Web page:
Psychiatrists vs Psychologists Anyone?

     I couldn’t get home last week from Los Angeles because of the snow storm so I flew into Las Vegas to do interviews for my new nonfiction book. I enjoyed being in the only city in America, I think, that didn’t have snow on its streets or freezing weather. It also was interesting to drive along the famous Strip and see how much it has changed from when I did my research in 1997 for my book, Super Casino.

 While the Luxor is still there with its shiny black exterior and brilliant pyramid tip, it looked puny compared to the new billion dollar mega-resorts that have been constructed recently.

One thing that hasn’t changed is the contrast that you see in Las Vegas.

  Because it was  Valentine’s Day weekend, the Strip was mobbed with young, carefree  couples having a non-stop party.  As I entered my hotel one night, I also spotted a middle-aged woman who looked as if she were homeless. She paused at the hotel entrance to examine the outdoor ash tray, searching through discarded butts until she found the remnants of a cigarette that still had a few puffs in it.  She snatched it up, brushed off the black sand, and lit it.

I followed her into the casino and noticed that she stopped at the high roller slots where she stuck a  $20 bill into a $5 slot machine and began pressing the spin button. As soon as the wheels stopped, she pressed it again, hardly waiting to see if she had won or lost. Within minutes, she was back on the street panhandling.

Like I wrote, a city of contrasts.

When I checked my laptop computer  in my room  that night I found a note  from a friend who was frustrated because his daughter had been diagnosed differently by two professionals who were trying to help her.  One of the professionals was a psychiatrist, the other a psychologist. With their different diagnoses had come much different treatment protocols.

My friend asked me if it was common for psychologists and psychiatrists to disagree about a diagnosis.

Which makes me wonder:  Have you had this problem?  Have you been given different advice by a psychiatrist and a  psychologist?  If so, please share your story and how you resolved the professional disagreement.

About the author:

Pete Earley is the bestselling author of such books as The Hot House and Crazy. When he is not spending time with his family, he tours the globe advocating for mental health reform.

Learn more about Pete.

  • Betty Hilabrand

    Pete
    Psychologists are about talk therapy. Pscyhiatrists are about drugs.
    It is as simple as that.

  • tskale

    Psychiatrists are able to prescribe medications, but that's not all that we do. Not at all. I learn something new about the person I'm with just about each time we meet and get a better understanding of what the problem really is. Thorough diagnostic evaluation should be important to both psychologists and psychiatrists. Mental status examination, historical information, collateral information from family if available are all important. Sometimes, it takes more than one session to accurately determine what is going on diagnostically and the diagnosis can be revised over time. Typically, psychologists have worked in collaboration with us. What we would not want to see is the psychologist making recommendations about medications. That is in the medical field, not the psychology field.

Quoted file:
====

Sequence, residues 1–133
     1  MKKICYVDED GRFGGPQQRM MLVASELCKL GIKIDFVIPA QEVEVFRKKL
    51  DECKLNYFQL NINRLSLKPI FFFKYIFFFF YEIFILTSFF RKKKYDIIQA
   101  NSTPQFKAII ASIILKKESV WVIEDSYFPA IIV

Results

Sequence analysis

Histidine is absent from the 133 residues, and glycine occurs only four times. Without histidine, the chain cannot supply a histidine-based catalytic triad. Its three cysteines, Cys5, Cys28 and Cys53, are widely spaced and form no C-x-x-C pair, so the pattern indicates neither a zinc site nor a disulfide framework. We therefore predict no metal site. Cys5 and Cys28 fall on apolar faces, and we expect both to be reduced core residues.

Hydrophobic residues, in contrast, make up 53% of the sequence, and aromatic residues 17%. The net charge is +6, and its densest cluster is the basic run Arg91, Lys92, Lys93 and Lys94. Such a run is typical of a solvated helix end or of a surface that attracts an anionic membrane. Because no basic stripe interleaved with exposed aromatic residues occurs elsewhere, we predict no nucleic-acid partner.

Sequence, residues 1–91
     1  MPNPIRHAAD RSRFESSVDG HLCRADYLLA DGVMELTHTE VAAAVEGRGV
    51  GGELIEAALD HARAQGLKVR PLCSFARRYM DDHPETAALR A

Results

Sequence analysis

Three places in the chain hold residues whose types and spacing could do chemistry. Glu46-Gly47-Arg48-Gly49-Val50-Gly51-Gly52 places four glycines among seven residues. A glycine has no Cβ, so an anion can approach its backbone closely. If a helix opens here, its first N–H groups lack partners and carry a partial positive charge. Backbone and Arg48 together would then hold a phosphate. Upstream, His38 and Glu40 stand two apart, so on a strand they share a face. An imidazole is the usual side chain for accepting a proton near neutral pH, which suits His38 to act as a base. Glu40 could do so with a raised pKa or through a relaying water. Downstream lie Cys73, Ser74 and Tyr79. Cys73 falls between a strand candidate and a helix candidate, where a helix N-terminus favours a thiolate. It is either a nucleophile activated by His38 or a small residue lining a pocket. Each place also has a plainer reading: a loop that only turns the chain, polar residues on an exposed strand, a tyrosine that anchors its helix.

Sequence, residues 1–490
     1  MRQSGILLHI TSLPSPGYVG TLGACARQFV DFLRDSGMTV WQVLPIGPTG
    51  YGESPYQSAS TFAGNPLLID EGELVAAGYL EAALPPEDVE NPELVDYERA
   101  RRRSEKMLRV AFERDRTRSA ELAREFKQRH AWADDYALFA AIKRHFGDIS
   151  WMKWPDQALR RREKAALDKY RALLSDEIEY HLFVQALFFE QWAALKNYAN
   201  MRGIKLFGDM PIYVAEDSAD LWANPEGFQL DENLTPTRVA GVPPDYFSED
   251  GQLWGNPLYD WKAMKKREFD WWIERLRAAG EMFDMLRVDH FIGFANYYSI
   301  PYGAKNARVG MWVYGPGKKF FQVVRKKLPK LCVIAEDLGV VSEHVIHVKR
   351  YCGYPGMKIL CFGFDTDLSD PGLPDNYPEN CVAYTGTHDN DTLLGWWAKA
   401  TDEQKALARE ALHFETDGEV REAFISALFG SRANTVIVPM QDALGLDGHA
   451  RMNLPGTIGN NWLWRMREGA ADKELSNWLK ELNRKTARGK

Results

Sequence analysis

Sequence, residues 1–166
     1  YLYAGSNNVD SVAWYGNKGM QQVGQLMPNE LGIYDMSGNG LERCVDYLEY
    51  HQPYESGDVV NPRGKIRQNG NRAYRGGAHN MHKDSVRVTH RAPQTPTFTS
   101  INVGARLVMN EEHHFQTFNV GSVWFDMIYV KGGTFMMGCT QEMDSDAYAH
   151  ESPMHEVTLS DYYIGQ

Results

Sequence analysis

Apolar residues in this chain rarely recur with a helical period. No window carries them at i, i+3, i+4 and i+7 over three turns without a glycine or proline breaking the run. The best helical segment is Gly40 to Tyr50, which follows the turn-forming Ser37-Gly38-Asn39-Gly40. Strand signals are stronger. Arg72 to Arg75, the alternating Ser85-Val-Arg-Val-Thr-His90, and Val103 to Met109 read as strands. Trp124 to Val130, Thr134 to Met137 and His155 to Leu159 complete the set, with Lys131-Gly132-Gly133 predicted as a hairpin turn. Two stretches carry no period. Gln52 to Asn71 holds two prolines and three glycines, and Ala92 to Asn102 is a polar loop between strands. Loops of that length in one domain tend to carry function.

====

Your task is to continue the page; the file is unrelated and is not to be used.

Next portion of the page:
• Aaron Tigman

    Mental disorders are very difficult to diagnose. It takes a really great psychiatrist to pinpoint a problem. When it comes to medications, the problem that I see is not psychiatrists but general practitioners. If a teacher tells parents that their child is hyperactive, then the parents tell that to their family doctor and he writes out a prescription for a medication that the pharm industry has pushed on him. We should only allow psychiatrists to issue prescriptions for psychotropic medications. That would prevent a lot of kids from being on medication needlessly.

  • jmc15

    One of the best ways of having both the psychiatrist and psychologist (or therapist, clinician) in sync with one another's decisions while working with a client with a severe mental illness is assertive community treatment (ACT) program. Both the psychiatrist and the clinicians on the team meet every day to review what they learned when they met with the clients during the week (meetings usually occurs right in the client's homes or somewhere else in the community, not in an office). This combination helps the client to be more involved in their own treatment decisions as well as having members of their treatment (which could also include specialists in the following areas: drug & alcohol, vocational, peer specialist) well aware of their needs for possible changes in medications or other types of treatment.

  • There is a good lesson in the story of seven blind men and the elephant.

    “From Wikipedia, The story of the blind men and an elephant originated from India. In various versions of the tale, a group of blind men (or men in the dark) touch an elephant to learn what it is like. Each one touches a different part, but only one part, such as the side or the tusk. They then compare notes on what they felt, and learn they are in complete disagreement. The story is used to indicate that reality may be viewed differently depending upon one's perspective, suggesting that what seems an absolute truth may be relative due to the deceptive nature of half-truths.”

    There are many different disciplines of psychology with varying opinions.